Email claims that the Indian Students Association will donate 10 cents to help an Indian student hurt in a car accident every time the message is forwarded
plzz pass it on..its cost u nothing….. indian student in USA met with an accident last week..the car was driven by a drunk american boy…he has no one in US..his parents cant afford to go there and help him out..hovewer the university he studied in has decided to pay half the cost but the other half has to be paid by someone..the INDIAN STUDENTS ASSOCIATION has decided that it wil pay 10cents every time this message is passed on…ORKUT has agreed to this and the message has already passed a lot…..please be generous and send this to all the people.
According to this email forward, you can help an Indian student based in the USA recover from a car accident simply by sending the message to others. The message would have us believe that the Indian Students Association will somehow keep track of how many times the message is sent and pay the injured student 10 cents for every forwarded message.
This claim is simply nonsense. Firstly, there is no reliable or ethical means of tracking how many times a particular email message is sent. Messages such as this may be forwarded thousands of times and it would be virtually impossible to accurately calculate how much money needed to be donated.
Secondly, no legitimate organization is ever likely to place such an absurd restriction on a charitable exercise. If an entity such as a student’s association did agree to offer monetary aid to an injured student, it would simply make one or more donations depending on available funds and the needs of the student involved. They certainly would not base the final amount to be donated on how many times an email was sent. There is simply no sane or reasonable motive for any organization to participate in such a ridiculous scheme.
In fact, any claim that an amount of money will be donated every time an email is sent is sure to be untrue. There have been a number of fake “charity” emails that have made such claims. All such claims have been bogus.
However, in some cases the actual incident described in the message is true even though the claim that donations are dependent on forwarding emails is false. In 2005, an email began circulating that claimed forwarding the message would result in donations to help Baby Alexandra who was badly burned in a house fire. Alexandra is a real child and she was badly burned. However, an original and quite legitimate email asking for direct donations to help Alexandra was changed to include the totally false claim that 3 cents would be donated every time the email was sent on. Unfortunately, information about how people could really donate was removed from the message.
Other than mentioning the Indian Students Association, this message provides very little details about the accident or the student involved. Neither the student nor his university is named in the message. Possibly, the message was derived from a 2005 accident in which Narendra Lakamraju, an Indian student at Arizona State University was seriously injured. Another student died in the crash. The Indian Students Association organised the collection of donations to help cover Narendra’s medical bills and provided an online donations option.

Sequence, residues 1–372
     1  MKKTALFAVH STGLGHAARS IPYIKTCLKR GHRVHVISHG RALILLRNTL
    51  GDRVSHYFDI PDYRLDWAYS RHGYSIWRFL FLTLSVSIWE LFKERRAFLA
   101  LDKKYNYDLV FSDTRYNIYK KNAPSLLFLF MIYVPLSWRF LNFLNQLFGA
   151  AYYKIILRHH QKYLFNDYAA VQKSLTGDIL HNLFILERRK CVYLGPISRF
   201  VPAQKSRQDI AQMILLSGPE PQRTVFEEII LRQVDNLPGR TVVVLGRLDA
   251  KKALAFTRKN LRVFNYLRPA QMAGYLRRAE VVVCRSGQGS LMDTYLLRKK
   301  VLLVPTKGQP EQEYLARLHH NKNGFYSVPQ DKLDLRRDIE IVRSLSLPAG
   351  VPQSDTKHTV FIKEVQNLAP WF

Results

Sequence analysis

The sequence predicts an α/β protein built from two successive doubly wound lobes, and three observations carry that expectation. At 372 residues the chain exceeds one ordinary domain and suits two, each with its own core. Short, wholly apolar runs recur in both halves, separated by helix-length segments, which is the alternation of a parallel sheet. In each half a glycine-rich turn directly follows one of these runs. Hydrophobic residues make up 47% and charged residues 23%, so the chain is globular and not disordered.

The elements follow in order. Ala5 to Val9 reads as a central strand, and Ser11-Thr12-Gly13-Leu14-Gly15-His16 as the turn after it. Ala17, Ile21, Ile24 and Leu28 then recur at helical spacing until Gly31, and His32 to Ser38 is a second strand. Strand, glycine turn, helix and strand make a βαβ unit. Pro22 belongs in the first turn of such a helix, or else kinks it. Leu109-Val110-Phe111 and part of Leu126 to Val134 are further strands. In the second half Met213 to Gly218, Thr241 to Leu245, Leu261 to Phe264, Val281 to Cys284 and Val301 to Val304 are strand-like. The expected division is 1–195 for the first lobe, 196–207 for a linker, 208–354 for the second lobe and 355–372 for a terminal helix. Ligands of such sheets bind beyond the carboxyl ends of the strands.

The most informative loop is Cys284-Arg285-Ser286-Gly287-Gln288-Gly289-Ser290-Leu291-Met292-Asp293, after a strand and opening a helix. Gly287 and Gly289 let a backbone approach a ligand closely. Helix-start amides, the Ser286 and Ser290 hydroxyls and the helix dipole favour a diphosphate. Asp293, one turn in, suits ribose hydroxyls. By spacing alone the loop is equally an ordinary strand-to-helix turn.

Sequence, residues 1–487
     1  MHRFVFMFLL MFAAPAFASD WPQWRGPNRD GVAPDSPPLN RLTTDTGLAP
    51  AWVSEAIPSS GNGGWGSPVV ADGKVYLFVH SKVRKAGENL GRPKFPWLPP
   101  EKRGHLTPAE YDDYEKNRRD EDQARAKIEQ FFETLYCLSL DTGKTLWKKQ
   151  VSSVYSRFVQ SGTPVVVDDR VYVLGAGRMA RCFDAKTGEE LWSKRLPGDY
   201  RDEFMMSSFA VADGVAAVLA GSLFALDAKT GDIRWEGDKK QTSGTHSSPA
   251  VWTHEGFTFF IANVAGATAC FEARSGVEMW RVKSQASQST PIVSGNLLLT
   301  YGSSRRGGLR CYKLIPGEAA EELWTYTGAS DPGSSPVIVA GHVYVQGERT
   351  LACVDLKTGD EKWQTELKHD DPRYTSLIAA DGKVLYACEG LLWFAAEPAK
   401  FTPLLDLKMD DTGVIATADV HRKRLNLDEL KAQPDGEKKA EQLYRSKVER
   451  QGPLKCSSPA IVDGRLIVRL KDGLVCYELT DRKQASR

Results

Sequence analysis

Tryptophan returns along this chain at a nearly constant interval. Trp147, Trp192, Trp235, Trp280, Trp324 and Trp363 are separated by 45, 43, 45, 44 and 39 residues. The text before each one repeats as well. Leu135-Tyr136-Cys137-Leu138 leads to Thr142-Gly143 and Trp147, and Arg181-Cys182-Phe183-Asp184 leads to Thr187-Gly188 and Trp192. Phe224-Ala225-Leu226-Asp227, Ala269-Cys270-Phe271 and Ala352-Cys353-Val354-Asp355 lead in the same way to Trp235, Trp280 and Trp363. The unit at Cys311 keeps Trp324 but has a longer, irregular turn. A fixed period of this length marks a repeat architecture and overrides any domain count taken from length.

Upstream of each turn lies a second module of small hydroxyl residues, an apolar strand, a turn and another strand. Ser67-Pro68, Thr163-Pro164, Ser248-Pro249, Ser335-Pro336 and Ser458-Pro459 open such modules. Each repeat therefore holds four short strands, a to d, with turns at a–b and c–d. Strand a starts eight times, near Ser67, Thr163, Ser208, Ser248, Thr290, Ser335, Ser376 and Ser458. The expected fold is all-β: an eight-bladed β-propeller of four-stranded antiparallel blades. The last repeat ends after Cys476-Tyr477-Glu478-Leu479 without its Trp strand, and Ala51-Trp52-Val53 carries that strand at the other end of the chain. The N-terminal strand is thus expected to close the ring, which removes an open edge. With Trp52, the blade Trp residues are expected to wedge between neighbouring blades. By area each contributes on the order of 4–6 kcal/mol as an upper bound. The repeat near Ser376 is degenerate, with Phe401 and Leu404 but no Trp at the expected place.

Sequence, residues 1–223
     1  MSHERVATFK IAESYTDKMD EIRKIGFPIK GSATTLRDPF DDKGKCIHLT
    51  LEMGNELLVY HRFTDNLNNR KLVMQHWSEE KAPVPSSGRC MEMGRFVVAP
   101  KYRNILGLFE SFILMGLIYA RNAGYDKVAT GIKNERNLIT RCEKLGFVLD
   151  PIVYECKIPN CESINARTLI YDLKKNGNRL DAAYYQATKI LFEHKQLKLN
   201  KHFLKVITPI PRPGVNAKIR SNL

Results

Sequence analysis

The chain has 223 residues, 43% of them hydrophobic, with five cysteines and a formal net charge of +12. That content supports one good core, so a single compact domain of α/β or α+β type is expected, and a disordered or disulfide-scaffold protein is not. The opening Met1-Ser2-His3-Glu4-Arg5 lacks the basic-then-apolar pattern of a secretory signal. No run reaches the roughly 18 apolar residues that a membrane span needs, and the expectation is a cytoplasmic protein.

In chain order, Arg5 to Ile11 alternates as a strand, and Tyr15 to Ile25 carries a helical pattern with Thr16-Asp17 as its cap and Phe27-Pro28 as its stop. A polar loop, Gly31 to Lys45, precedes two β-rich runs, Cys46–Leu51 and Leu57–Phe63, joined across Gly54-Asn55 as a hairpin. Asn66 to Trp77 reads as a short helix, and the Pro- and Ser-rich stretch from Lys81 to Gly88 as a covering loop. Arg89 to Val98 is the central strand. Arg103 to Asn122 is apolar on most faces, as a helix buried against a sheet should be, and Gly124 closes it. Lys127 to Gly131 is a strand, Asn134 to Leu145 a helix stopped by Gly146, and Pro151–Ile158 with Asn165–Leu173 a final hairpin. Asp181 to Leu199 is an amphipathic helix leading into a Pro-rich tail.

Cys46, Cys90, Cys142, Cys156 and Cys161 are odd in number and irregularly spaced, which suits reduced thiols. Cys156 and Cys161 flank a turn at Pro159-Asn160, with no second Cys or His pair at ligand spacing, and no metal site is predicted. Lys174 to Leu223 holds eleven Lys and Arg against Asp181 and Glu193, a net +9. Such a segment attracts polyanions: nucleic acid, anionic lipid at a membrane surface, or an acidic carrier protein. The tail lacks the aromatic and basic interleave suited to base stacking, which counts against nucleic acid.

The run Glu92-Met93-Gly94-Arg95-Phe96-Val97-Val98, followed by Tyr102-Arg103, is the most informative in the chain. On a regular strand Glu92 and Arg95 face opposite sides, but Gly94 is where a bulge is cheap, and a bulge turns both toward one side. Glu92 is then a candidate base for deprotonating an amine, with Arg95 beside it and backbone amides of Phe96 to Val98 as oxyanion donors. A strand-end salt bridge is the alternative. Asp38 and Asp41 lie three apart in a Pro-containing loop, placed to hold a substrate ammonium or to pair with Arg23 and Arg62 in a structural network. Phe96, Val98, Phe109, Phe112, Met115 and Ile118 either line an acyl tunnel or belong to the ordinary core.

As with baby Alexandra, a legitimate email request for donations may have mutated into the pointless message that is currently circulating. In fact, it is unclear if the message refers to Narendra, is about another unknown student or is a total fabrication. Whatever the true origins of the message, forwarding the email in its present form will help nobody and do nothing more than add to the clutter in our inboxes.
Last updated: 1st February 2007
First published: 1st February 2007
By Brett M. Christensen
Importance NoticeAfter considerable thought and with an ache in my heart, I have decided that the time has come to close down the Hoax-Slayer website.
These days, the site does not generate enough revenue to cover expenses, and I do not have the financial resources to sustain it going forward.
Moreover, I now work long hours in a full-time and physically taxing job, so maintaining and managing the website and publishing new material has become difficult for me.
And finally, after 18 years of writing about scams and hoaxes, I feel that it is time for me to take my fingers off the keyboard and focus on other projects and pastimes.
When I first started Hoax-Slayer, I never dreamed that I would still be working on the project all these years later or that it would become such an important part of my life. It's been a fantastic and engaging experience and one that I will always treasure.
I hope that my work over the years has helped to make the Internet a little safer and thwarted the activities of at least a few scammers and malicious pranksters.
A Big Thank YouI would also like to thank all of those wonderful people who have supported the project by sharing information from the site, contributing examples of scams and hoaxes, offering suggestions, donating funds, or helping behind the scenes.
I would especially like to thank David White for his tireless contribution to the Hoax-Slayer Facebook Page over many years. David's support has been invaluable, and I can not thank him enough.
Closing DateHoax-Slayer will still be around for a few weeks while I wind things down. The site will go offline on May 31, 2021. While I will not be publishing any new posts, you can still access existing material on the site until the date of closure.
Thank you, one and all!